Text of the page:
An Austin radio station was reporting over the weekend that some school districts, unhappy over the looming state cuts to public education funding, are considering filing another school finance lawsuit against the state. There is nothing particularly newsworthy about the story because school districts have been talking about another lawsuit for many months now.
And, talk of a lawsuit alone is not going to prompt this Legislature to do what’s right because lawmakers know that suits of this magnitude take years to be resolved.
The school finance system has been the subject of several lawsuits brought at various times over the past 30plus years by school districts, parents or both. Some, such as the suit that resulted in the landmark Texas Supreme Court order in Edgewood v. Kirby in 1986, have produced more equity in school funding.
The last lawsuit brought by school districts who claimed that a growing reliance on local property taxes for school funding amounted to an unconstitutional statewide property tax – backfired.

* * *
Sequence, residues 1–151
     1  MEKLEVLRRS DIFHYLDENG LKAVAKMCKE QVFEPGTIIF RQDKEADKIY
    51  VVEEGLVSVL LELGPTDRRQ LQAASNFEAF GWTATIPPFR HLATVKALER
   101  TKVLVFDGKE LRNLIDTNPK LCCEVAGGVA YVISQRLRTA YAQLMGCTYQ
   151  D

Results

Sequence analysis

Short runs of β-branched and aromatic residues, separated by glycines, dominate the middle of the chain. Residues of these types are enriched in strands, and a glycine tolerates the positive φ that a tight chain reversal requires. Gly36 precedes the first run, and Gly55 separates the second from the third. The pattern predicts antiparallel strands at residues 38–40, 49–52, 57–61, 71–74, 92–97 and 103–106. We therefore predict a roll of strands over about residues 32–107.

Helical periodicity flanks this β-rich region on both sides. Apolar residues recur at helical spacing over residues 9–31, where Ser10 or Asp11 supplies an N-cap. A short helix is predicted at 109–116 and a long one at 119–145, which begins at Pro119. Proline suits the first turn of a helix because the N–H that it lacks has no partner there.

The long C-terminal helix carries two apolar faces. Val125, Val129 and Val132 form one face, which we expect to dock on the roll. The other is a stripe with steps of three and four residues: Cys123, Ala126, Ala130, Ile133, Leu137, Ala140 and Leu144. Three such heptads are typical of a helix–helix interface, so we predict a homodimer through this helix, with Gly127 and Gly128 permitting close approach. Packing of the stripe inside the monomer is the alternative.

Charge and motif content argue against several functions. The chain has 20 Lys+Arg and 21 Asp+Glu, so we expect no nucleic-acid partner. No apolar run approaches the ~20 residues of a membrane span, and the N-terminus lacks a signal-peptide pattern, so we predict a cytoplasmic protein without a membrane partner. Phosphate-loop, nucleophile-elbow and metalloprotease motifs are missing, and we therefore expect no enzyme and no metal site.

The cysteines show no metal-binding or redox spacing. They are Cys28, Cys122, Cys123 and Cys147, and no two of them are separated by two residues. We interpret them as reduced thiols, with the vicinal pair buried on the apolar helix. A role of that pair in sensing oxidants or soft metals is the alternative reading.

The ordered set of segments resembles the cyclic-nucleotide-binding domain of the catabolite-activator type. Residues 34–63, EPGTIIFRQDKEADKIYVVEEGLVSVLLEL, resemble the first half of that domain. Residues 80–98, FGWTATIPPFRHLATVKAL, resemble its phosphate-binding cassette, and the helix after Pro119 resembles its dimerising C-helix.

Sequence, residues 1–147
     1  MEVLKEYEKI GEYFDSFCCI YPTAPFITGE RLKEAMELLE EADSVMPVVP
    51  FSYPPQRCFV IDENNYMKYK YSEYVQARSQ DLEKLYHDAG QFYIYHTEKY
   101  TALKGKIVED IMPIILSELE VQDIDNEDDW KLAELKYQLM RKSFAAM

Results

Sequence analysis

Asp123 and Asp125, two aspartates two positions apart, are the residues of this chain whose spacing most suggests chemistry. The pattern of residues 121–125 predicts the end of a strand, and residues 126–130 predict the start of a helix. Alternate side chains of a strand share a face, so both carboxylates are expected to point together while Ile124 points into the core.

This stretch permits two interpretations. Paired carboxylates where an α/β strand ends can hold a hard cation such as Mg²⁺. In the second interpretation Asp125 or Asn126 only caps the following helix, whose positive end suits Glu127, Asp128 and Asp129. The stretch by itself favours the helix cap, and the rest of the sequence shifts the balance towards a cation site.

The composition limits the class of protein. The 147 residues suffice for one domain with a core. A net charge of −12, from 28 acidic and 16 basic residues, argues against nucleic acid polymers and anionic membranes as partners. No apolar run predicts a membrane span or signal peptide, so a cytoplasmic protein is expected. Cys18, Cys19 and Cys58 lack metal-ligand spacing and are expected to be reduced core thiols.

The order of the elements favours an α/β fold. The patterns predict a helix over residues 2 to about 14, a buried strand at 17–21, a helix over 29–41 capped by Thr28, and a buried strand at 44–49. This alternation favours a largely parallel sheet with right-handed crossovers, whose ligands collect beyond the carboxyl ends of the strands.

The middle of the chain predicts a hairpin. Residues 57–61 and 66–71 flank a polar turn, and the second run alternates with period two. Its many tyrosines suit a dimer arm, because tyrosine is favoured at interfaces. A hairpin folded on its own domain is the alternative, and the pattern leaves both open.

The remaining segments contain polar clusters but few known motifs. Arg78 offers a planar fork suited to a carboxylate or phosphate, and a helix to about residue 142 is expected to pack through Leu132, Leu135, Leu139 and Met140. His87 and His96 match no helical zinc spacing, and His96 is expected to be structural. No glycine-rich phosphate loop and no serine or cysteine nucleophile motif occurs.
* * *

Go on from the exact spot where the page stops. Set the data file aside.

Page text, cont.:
The courts agreed with the districts and ordered the Legislature to change the system, resulting in the 2006 school finance law. But instead of putting more state funding into public education, the governor and the Legislature tightened the squeeze on the public schools. They ordered deep cuts in school property taxes without fully paying for them and put strict limits on future property tax increases. The results are a $10 billion structural deficit in the public education budget, severe school financial problems and districts once again threatening to sue.
Another school finance suit is inevitable, either before or, mostly likely, after the session ends.